Cover image for You gotta have heart
You gotta have heart
Adler, Richard, 1921-2012.
Personal Author:
Publication Information:
New York : D.I. Fine, [1990]

Physical Description:
354 pages : illustrations ; 24 cm
Personal Subject:
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Format :


Call Number
Material Type
Home Location
Item Holds
ML410.A235 A3 1990 Adult Non-Fiction Central Closed Stacks

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Reviews 3

Booklist Review

Adler's usually remembered as half of the team that wrote the songs in the dazzling 1950s musicals The Pajama Game and Damn Yankees. The big first chapter of his glitzy, clich-ridden, wonderfully entertaining autobiography is about the short collaboration with Jerry Ross, who died at 29 from tuberculosis, and it starts the book out with a winning make-'em-laugh, make-'em-cry scenario right out of the movies. Succeeding chapters about events fore and aft of Ross are no less appealing. Son of a concert pianist who couldn't get his son to learn the keyboard, Adler met and melded with a lot of famous names in a variety of capacities. He married Sally Ann Howes, staged JFK's forty-fifth birthday bash in Madison Square Garden, and trysted with a panoply of big-deal ladies. Illness in the family as well as friends has brought plenty of pathos into his life, and his recent, miraculous recovery from cancer through the spiritual discipline of Siddha Yoga gives his self-chronicle an inspirational ending. The only grating thing about his narrative is all the sexual boasting. Adler's not crude or graphic, but to hear him tell it, he's been boffing every babe who came to hand since age eight. To be indexed. --Ray Olson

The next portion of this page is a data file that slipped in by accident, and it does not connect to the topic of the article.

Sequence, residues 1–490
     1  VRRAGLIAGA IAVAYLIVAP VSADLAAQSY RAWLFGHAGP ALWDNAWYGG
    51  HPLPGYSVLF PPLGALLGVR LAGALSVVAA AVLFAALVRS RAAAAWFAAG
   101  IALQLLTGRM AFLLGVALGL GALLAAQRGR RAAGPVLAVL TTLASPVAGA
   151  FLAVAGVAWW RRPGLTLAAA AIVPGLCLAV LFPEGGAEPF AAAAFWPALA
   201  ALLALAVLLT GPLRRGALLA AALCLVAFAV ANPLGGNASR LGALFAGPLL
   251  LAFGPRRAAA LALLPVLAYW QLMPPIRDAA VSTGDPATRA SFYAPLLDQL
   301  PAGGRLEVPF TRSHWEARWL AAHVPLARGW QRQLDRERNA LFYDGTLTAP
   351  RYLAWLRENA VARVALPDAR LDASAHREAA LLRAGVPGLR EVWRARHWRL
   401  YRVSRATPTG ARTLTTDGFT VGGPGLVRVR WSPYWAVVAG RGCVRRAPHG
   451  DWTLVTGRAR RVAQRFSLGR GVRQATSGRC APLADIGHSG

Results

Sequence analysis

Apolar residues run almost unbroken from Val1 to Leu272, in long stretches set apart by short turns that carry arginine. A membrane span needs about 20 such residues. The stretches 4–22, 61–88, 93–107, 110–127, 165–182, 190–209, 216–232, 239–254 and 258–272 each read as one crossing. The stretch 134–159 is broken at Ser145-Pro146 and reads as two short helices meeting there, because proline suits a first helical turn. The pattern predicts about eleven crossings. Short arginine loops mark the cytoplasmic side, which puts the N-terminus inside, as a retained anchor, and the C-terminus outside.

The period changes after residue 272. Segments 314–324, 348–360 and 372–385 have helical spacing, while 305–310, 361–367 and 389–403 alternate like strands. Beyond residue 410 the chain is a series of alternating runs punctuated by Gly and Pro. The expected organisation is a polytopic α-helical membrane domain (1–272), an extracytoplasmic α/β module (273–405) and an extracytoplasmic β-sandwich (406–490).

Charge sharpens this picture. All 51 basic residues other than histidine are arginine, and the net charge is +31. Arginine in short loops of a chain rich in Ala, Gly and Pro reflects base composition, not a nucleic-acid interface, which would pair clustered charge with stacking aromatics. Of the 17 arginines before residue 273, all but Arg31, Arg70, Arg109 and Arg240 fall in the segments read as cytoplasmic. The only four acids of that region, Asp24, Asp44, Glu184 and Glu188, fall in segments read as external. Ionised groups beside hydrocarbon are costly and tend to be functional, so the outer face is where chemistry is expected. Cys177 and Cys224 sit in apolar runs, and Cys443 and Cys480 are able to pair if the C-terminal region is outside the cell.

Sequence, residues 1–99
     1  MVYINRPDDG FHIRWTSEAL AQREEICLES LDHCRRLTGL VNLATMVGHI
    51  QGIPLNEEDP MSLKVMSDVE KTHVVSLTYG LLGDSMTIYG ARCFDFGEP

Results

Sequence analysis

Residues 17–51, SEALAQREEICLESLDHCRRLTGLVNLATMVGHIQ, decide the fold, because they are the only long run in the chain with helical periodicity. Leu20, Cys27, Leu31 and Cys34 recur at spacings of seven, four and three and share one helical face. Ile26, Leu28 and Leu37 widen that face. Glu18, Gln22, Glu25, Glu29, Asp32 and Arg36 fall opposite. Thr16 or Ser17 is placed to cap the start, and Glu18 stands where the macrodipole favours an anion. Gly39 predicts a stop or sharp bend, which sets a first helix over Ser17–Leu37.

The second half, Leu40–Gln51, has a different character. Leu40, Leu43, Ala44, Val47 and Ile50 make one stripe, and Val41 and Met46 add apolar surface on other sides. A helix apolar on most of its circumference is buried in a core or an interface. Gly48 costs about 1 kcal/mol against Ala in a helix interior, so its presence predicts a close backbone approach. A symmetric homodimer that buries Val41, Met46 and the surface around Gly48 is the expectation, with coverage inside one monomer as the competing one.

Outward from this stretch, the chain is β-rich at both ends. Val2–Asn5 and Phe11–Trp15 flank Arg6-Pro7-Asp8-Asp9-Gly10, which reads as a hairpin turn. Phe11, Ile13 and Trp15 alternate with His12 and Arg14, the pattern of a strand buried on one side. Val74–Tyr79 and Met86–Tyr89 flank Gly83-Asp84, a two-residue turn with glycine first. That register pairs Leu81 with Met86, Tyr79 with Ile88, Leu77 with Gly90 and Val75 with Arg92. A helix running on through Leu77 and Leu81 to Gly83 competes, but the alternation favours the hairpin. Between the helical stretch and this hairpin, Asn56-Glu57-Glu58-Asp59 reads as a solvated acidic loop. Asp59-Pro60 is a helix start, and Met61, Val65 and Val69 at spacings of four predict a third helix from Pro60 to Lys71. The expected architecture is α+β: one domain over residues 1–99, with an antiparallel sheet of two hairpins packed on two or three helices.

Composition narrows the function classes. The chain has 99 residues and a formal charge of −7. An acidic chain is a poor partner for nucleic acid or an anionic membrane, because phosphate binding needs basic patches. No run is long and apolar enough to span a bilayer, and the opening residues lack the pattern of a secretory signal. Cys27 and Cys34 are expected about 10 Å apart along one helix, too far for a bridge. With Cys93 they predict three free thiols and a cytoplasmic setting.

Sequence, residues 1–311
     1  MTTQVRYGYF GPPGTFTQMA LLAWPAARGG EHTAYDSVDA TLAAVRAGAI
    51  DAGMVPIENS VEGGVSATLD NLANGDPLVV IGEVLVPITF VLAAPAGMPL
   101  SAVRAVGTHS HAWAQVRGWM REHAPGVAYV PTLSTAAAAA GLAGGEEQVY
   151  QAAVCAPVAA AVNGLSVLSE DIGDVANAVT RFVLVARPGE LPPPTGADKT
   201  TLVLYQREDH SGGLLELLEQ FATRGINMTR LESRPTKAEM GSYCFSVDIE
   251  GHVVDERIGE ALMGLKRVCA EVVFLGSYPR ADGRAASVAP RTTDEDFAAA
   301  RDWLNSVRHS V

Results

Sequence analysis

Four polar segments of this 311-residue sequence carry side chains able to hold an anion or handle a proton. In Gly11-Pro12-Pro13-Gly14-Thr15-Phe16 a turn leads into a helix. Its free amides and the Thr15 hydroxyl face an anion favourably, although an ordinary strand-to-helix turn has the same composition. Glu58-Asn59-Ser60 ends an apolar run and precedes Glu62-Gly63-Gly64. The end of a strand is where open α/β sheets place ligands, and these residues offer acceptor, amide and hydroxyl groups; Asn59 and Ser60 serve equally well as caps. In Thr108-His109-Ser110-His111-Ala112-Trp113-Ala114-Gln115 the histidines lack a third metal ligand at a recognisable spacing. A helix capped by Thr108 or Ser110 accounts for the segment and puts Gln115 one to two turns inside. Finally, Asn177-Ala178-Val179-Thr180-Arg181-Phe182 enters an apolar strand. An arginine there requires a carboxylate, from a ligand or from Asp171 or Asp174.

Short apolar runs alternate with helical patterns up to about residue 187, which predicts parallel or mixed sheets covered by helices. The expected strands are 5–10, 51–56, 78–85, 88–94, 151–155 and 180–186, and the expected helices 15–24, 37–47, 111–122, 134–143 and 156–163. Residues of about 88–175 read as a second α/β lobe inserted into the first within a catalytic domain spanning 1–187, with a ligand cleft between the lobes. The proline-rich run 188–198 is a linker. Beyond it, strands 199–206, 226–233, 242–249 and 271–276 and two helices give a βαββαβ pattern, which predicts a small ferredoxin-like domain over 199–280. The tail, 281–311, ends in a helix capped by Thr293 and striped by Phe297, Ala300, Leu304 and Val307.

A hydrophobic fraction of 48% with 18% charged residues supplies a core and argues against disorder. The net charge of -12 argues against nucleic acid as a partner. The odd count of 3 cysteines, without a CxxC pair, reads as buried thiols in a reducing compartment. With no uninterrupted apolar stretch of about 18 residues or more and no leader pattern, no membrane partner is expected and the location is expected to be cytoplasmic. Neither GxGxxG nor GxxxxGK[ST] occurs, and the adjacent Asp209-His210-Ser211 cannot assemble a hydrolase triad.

Publisher's Weekly Review

For composer-lyricist Adler, success came early, with The Pajama Game and Damn Yankees. But after the death of his partner, Jerry Ross, finding it impossible to write musicals without a collaborator, he turned from Broadway to a diversified career as a writer of jingles, organizer of White House galas and composer of concert music. Adler has been involved with the most glamorous names in show business, and they, as well as his numerous wives and lovers, all appear in this autobiography, written with David ( Of George We Sing ). The roster reads like a Who's Who of the entertainment world. The latter section of the book is the most interesting, however, with recollections of the impulses that led Adler to compose symphonic music; his relationship with his son, Christopher, who died of cancer in 1984; his own struggle with cancer; and his spiritual transformation through Siddha Yoga. (Aug.) (c) Copyright PWxyz, LLC. All rights reserved

Library Journal Review

Adler's life reads like the scenario of a Hollywood film: the young, successful Broadway composer ( Pajama Game, Damn Yankees) tragically loses his partner and fails commercially at writing alone, but eventually beats serious illness and attains critical respectability as a producer and composer of ``serious'' orchestral music. In the authors' capable hands Adler's story is alternately heart-wrenching, humorous, and uplifting, as Adler details his relationships with his pianist father, his four wives, his children, and especially his partner, Jerry Ross. Adler is honest and self-critical, even when describing the peace he has found in Siddha Yoga, and his anecdotes are a refreshing change from the name-dropping often found in similar biographies. Essential for theater buffs, this book well deserves a spot in all biography collections. Highly recommended.-- Eric W. Johnson, Univ. of Bridgeport Lib., Ct. (c) Copyright 2010. Library Journals LLC, a wholly owned subsidiary of Media Source, Inc. No redistribution permitted.